Formative assessments are essential to literacy education in all such settings and contexts. By studying and applying formative assessment practices, reading specialists, English as a second language (ESL) teachers and other educators can help improve literacy development and instruction for students in their schools.
Youngstown State University (YSU) offers a Master of Science in Education (M.S.Ed.) – Teacher Education – Curriculum and Instruction — Literacy online program. A core focus of this program is the examination of formal and informal assessments for student literacy learning, applied in various literacy education contexts.
Formative Assessment Defined
Understanding what formative assessment means is critical to understanding its effective use in literacy education. The Formative Assessment for Students and Teachers State Collaborative on Assessment and Student Standards (FAST SCASS) defines formal assessment as: “A planned, ongoing process used by all students and teachers during learning and teaching to elicit and use evidence of student learning to improve student understanding of intended disciplinary learning outcomes and support students to become self-directed learners.”
This definition highlights the dynamic and collaborative role of formative assessment. A variety of formal and informal evaluation and monitoring methods are used throughout a student’s learning process to assess and analyze progress toward clarified learning goals. This can involve guided self-assessment, peer feedback, teacher observation and evaluation, individual or group projects, quizzes, educational games and technologies.
These formative assessment practices provide ongoing, actionable feedback and evidence of learning. According to FAST SCASS, actionable feedback is used “to move learning forward by adjusting learning strategies, goals, or next instructional steps.”
Another unique element to formative assessment is its regularly implementation. Formative assessment occurs during instruction instead of “summative assessments” at the end of a course or term. A guide to FAST SCASS’ Formative Assessment Rubric, Resources, and Observation Protocol (FARROP) elaborates on this, stating: “The idea of ‘during instruction’ can mean both literally during a class period … and also more broadly, during an instructional sequence that may span several weeks.”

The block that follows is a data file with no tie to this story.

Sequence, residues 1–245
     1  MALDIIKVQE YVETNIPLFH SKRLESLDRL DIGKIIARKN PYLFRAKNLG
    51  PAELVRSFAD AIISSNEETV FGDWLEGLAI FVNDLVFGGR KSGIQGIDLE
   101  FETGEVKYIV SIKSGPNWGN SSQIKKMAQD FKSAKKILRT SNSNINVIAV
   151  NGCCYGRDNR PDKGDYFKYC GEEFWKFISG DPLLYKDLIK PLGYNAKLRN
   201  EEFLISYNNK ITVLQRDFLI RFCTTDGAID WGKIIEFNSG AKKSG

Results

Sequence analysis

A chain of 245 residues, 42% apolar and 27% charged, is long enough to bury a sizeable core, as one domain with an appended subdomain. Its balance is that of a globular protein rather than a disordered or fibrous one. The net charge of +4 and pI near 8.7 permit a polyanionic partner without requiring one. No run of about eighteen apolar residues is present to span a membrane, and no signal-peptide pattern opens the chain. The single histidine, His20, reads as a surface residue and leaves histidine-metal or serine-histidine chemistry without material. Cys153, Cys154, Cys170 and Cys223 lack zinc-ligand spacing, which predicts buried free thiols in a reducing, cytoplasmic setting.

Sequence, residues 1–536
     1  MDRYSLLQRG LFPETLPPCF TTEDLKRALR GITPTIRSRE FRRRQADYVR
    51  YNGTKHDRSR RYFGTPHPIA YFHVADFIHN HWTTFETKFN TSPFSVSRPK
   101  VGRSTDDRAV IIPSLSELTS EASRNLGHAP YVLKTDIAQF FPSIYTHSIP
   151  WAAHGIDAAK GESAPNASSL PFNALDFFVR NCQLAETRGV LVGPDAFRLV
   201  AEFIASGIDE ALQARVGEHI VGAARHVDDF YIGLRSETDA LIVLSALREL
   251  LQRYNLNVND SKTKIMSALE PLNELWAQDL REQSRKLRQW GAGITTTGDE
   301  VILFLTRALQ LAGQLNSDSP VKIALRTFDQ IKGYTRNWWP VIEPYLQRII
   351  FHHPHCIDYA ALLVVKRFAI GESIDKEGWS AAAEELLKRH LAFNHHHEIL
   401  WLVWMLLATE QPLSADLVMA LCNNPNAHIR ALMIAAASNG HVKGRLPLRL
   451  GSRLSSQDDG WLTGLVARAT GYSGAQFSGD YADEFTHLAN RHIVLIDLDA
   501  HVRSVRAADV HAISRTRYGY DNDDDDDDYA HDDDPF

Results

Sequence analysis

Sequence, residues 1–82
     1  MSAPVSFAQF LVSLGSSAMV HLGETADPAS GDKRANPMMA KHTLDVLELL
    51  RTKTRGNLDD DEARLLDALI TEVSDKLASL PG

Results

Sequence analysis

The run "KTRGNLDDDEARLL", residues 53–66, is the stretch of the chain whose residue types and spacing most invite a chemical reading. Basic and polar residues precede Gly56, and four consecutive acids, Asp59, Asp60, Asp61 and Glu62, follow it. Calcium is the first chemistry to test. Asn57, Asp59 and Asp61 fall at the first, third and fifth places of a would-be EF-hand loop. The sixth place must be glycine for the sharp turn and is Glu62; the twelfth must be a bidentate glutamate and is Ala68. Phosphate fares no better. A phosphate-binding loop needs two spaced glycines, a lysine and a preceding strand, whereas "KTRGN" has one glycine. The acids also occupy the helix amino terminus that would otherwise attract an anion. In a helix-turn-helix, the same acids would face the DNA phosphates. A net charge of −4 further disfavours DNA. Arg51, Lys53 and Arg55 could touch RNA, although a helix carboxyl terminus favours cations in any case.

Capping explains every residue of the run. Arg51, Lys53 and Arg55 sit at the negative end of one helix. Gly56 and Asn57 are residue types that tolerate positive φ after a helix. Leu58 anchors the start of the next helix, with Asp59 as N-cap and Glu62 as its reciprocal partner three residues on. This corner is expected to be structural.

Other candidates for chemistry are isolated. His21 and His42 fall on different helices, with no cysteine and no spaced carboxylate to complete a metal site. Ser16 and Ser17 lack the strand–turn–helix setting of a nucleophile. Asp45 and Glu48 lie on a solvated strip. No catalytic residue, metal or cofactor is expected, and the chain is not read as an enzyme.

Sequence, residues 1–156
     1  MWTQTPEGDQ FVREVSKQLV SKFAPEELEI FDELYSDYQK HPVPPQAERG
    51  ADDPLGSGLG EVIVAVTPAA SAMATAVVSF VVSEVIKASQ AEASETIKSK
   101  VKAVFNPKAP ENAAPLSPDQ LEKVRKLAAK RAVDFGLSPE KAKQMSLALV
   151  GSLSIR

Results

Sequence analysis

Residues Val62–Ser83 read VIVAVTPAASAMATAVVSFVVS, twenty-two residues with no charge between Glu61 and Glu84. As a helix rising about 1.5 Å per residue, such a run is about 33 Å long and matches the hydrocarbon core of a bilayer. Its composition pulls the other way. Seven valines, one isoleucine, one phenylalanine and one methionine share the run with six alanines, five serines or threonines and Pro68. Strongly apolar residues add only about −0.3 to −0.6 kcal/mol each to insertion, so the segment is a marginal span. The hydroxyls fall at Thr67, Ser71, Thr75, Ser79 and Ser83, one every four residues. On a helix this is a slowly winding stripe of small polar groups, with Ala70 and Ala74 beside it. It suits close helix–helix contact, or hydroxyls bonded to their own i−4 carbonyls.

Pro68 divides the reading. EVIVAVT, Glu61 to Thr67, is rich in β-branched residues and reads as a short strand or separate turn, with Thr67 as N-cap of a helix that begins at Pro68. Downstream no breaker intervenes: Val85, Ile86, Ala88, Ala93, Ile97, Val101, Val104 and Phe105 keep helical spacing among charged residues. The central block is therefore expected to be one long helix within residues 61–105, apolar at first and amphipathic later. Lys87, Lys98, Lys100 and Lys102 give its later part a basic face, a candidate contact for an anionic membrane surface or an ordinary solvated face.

Formative assessment during instruction supports self-reflection and continuous improvement for teachers and students. The feedback gained informs differentiated, personalized and targeted instruction practices. At the same time, formative assessment engages students in their learning experiences, fostering motivation and investment in achievement.
Why Is Formative Assessment So Important for Literacy Education?
As the International Literacy Association (ILA) maintains, “Formative assessment is a crucial component of supporting effective literacy instruction in any classroom.”
Literacy skill development is multifaceted and can differ dramatically for each student. To help students improve literacy skills, teachers must monitor progress constantly and address learning issues that arise through differentiation and other practices. Responsive teaching strategies change and continuously evolve to complement each student’s unique stage of literacy development. The iterative, ongoing nature of formative assessment and responsive adaptation supports the continuous improvement, adjustment and scaffolding upon which literacy learning relies.
The collaborative and reflective aspects of formative assessment also complement literacy learning. Ongoing self-evaluation, two-way feedback and co-created instructional technique selection foster shared purpose, with both teacher and student working toward and invested in the same literacy goals.
What Role Does Educational Technology Play?
Educational technology can help educators in settings with poor student-teacher ratios increase opportunities for formative assessment. However, technology use can limit a teacher’s ability to observe and gauge student progress. As ILA highlights, informal, in-person interactions allow teachers to leverage educational technology apps to incorporate “well-structured formative assessment tasks” into classroom activities and lessons. It also provides opportunities for formative assessment in hybrid and remote education environments.
For example, such technologies can allow students to record audio and video independently or in groups, documenting “think-alouds” to demonstrate comprehension and verbal skills. Leveraging technology in this way can make formative assessment of literacy skills less time-consuming.
Coursework in YSU’s online literacy studies program explores digital teaching and learning in literacy
How an Advanced Degree Can Help
Literacy learning does not exist in a vacuum of devoted reading, writing and language arts courses. Instead, students develop literacy skills throughout learning experiences in multiple subjects. A student’s command of reading, writing, speaking and listening skills impacts their ability to achieve in numerous academic disciplines.
Therefore, formative assessments in literacy learning drive school-wide development and help students apply literacy skills in cross-curricular contexts and deepen learning. Educators with the specialized knowledge and skills gained from literacy programs like YSU’s can be instrumental in creating a school-wide culture of literacy learning.